Take the Next Faithful Step (The Epiphany of Our Lord)

Sermon on YouTube…

I don’t usually have corporate sponsors for my sermons… but I feel as if I should give fair warning: Today’s sermon is brought to you by the makers of Playmobile and the Disney franchise. Ok – I’m joking – mostly. They aren’t kicking in any big bucks for my preaching, but both companies’ fictional characters helped shape much of my sermon this week.

Some of you may have seen the Wandering Wisemen posts that have been shared on Prince of Peace’s Facebook page during the season of Advent and up to Epiphany. Basically, the picture centered posts use the wisemen and camel from Playmobile’s nativity set to invite the follower of the ‘page’ into the daily encounters and adventures of Gaspar, Melchoir, Balthazar and their faithful camel, Hezekiah as they search for the infant king Jesus. According to the creator- constructor of the Wandering Wisemen, the concept was born out of a desire to participate in the whimsical fun of “Elf on the Shelf,” with the focus more on Jesus than on Santa.

One post will depict the wisemen contemplating whether carrying a bulky tube of of sunscreen is worth the trouble; another day finds the wisemen lamenting the blisters on their feet, as only the camel is accustomed to such long travel on foot; and yet another finds them eating Cheetos and ho-hos, just two days into the New Year, breaking their resolution to be healthier.

Anyway. It’s fun. A bit stupid. And sort-of ironic, because curiously, the Wandering Wisemen posts we’ve shared have received more likes and interaction than just about anything else we post. Maybe we need more whimsical fun throughout the year…

I personally am a bit impressed by the creator-constructor… they’ve apparently been doing this for a few years now and each year the journey to find Jesus is different. I don’t know if I could come up with 37-ish days of creative photos and captions year after year.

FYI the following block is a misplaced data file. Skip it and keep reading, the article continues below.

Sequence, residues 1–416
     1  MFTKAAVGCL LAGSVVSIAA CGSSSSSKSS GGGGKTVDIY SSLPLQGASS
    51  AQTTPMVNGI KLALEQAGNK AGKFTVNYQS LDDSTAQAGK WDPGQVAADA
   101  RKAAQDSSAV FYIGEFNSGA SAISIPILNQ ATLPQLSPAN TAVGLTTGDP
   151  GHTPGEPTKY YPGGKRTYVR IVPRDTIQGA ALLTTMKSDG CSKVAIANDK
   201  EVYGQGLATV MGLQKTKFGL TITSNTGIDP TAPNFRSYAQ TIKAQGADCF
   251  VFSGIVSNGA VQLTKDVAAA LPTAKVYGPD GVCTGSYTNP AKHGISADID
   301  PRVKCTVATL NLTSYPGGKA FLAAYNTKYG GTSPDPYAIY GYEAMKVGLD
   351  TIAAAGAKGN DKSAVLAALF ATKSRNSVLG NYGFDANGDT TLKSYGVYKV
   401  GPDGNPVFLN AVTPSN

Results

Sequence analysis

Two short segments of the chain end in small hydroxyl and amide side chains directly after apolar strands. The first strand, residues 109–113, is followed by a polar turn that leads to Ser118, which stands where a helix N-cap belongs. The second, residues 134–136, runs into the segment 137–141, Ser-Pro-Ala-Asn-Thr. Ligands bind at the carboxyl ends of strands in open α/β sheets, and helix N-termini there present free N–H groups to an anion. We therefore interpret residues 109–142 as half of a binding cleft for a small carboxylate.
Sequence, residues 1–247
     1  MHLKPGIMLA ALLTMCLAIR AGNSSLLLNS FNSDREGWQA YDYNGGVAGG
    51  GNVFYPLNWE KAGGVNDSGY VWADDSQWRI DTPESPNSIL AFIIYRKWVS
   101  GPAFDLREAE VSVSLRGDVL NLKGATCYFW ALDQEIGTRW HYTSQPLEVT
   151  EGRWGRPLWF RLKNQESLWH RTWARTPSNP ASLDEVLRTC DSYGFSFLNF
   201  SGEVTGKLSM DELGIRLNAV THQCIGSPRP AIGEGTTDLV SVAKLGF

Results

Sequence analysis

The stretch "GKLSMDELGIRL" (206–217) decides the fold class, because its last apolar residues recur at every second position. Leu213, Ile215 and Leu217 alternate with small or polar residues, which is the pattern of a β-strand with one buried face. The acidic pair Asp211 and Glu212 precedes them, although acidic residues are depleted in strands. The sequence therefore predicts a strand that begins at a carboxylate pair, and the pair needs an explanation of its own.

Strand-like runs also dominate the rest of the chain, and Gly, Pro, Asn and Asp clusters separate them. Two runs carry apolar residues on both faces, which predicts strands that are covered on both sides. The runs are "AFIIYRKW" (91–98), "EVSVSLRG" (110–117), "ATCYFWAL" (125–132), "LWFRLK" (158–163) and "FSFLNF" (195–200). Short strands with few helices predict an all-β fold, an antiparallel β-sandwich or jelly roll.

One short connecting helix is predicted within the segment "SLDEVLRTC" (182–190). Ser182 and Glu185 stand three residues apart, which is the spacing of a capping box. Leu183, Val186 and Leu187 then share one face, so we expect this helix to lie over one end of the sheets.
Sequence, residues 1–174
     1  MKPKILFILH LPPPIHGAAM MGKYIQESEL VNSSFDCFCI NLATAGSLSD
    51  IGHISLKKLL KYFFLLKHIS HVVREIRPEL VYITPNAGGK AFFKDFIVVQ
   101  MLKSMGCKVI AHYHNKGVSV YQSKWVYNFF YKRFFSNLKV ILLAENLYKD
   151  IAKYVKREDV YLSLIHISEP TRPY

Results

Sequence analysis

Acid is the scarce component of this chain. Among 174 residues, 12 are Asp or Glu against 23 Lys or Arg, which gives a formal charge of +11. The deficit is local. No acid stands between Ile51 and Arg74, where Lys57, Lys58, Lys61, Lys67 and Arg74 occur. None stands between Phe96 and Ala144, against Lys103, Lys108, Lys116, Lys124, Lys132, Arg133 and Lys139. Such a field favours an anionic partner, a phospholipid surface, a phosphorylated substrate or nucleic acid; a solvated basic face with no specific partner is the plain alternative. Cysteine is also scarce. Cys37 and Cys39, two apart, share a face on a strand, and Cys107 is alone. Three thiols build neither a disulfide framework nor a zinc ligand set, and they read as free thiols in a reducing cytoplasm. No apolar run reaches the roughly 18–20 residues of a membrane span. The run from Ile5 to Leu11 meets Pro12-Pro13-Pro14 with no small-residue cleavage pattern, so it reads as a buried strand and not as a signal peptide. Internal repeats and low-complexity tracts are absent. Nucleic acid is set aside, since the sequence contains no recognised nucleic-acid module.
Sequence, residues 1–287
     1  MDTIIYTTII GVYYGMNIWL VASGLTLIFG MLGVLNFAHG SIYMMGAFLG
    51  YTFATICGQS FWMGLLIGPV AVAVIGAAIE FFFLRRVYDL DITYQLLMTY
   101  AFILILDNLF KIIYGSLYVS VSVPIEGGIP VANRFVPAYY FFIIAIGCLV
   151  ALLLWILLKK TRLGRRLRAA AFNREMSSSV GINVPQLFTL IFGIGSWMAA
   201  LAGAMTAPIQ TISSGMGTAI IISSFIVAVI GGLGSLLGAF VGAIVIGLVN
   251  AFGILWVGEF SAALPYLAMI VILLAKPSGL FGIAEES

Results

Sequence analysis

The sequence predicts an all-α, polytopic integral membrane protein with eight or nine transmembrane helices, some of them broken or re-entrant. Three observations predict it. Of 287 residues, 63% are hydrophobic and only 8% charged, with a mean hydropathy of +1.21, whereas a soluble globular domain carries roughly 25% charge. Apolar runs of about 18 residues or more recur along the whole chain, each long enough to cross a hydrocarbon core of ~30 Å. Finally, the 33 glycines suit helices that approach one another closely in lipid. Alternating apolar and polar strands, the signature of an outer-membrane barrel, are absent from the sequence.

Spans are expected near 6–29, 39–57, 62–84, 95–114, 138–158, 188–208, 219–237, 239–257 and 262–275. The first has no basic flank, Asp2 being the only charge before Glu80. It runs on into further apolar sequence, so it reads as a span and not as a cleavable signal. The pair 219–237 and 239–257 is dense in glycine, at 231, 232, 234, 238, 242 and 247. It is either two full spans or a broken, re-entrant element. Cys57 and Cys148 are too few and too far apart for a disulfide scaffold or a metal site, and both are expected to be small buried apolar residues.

Regardless of the whimsy and fun, why does Epiphany even matter? I mean, mostly it ends up being the day we can finally put the Wisemen in the nativity scene (if it’s still up), or the day we can finally take the dry, needle-bare tree down (if it’s still up), or the day we finally toss the pies, cookies, and candies (if there’s any left). Epiphany marks, in practice, the end of all the hubbub and the return to normal schedules, normal decor, and normal life. Often, I think of it as the time we climb out of the blackhole we all seem to live in between Christmas and New Years, where we don’t know what day it is, where our shoes are, and we’ve subsisted on wine and chocolate for far too long.

But, I think there’s more to Epiphany than that.
Actually, I know there is.

Part of what gets lost in the retelling of the wisemen’s journey is that their couple year endeavor to find Jesus gets boiled down to a week or so… which means the hardship, the wrong turns, and the tedious aspects of their faith journey are lost.

I think that’s why I enjoyed the Wandering Wisemen posts so much. Sure, it is ridiculous that the Playmobile figures were having tea parties, playing soccer, arguing with one another, and taking silly sidetrips… but, those normal, everyday things reflect more realistically how it is to follow Jesus than a watered down recap of: they saw a star at its rising, and followed it to where the baby lay, and a dream guided them down an alternate path.

I feel like the wonder and allure of the star probably faded pretty fast.
At least by the time the first illness hit or they became homesick.

They left everything familiar, including their home, friends, and occupations, to seek security in a foreign land; they depended on their own resourcefulness and the kindness of strangers. They faced their own mortality in a very real way. I think it was probably a very dark journey both to find Jesus and after leaving his bedside.